• Same species - conspecifics: Sometimes - They may tolerate their own offspring.
    • Anemones: Threat
    • Mushroom Anemones - Corallimorphs: Threat
    • Leather Corals: Threat
    • Zoanthids - Button Polyps, Sea Mats: Threat
    • Sponges, Tunicates: Threat
    • Shrimps, Crabs, Snails: Monitor - Only cold water species and commensal animals.
    • Starfish: Threat
    • Feather Dusters, Bristle Worms, Flatworms: Threat
    • Clams, Scallops, Oysters: Threat - This anemone will quickly multiply and sting tankmates
    • Crabs: Monitor
    • Snails: Threat
    • Sea Apples, Cucumbers: Threat
    • Urchins, Sand Dollars: Threat
    • Nudibranch, Sea Slugs: Threat
    • Copepods, Amphipods, Mini Brittle Stars: Safe
    • Stony Corals: Threat - is aggressive
    • Soft Corals: Threat - is aggressive

Sex: Sexual differences

No sexual difference in appearance is noted.

Breeding / Reproduction

Giant Green Anemones should divide in captivity, but they have not been bred in captivity. There is no information on the captive propagation of cold water anemones, it may be similar to other anemones. Other cold water anemones may reproduce by fission or external fertilization of egg and sperm.

These cold water anemones are known to reproduce by external fertilization of egg and sperm. They shed mature gametes into the coelenteron, their central digestive cavity, which are then spawned through the mouth. The fusion of two gametes creates a zygote, which develops into a planktonic planula larva. The larva floats away and begins early morphogenesis of tentacles, septa and pharynx. Then eventually it finds a spot to land, such as established mussel beds, where it will attach and develop a pedal disk, growing into a new anemone.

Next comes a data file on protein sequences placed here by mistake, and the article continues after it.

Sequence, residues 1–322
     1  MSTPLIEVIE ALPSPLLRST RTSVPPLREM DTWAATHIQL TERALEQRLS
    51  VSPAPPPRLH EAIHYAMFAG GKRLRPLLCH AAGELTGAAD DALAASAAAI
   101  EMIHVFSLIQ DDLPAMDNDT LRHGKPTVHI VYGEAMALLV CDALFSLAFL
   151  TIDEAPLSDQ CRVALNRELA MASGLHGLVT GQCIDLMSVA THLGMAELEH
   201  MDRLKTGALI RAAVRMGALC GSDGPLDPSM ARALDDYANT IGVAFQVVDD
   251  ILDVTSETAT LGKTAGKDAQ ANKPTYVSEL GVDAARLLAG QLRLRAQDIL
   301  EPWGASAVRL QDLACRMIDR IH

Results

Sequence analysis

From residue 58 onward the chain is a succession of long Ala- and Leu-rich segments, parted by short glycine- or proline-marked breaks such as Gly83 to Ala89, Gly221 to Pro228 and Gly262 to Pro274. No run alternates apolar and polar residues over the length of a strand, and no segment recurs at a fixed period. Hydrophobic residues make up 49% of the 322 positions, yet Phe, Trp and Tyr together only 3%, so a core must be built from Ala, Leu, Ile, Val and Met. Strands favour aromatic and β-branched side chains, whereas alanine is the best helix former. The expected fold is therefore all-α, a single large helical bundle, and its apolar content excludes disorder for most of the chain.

• Ease of Breeding: Difficult

Ailments / Diseases

Problems for the Giant Green Anemone are pretty minimal unless your lighting, water movement, feeding and water quality are low. Then your anemone will detach to look for “better conditions.” This usually results in an unpleasant experience with a water pump.

Giant Green Anemones do have predators in the wild that include sea snails and sea spiders. Some natural predators include the Sea Mouse Aeolidia papillosa, which is a a sea-slug or nudibranch and a snail called the Tinted Wentletrap Epitonium tinctum that feeds on the anemone's tentacles. A sea star known as the Leather star Dermasterias imbricata will also consume this anemone.

Availability

The Giant Green Anemone, as well as other Anthopleura species, are very rarely for sale from retailers, making them generally unavailable to aquarists. Collection is also restricted in many areas. Before collecting them, be sure to check with local authorities in the area to find out if they are protected there.

References

Author: Clarice Brough CFS, Carrie McBirney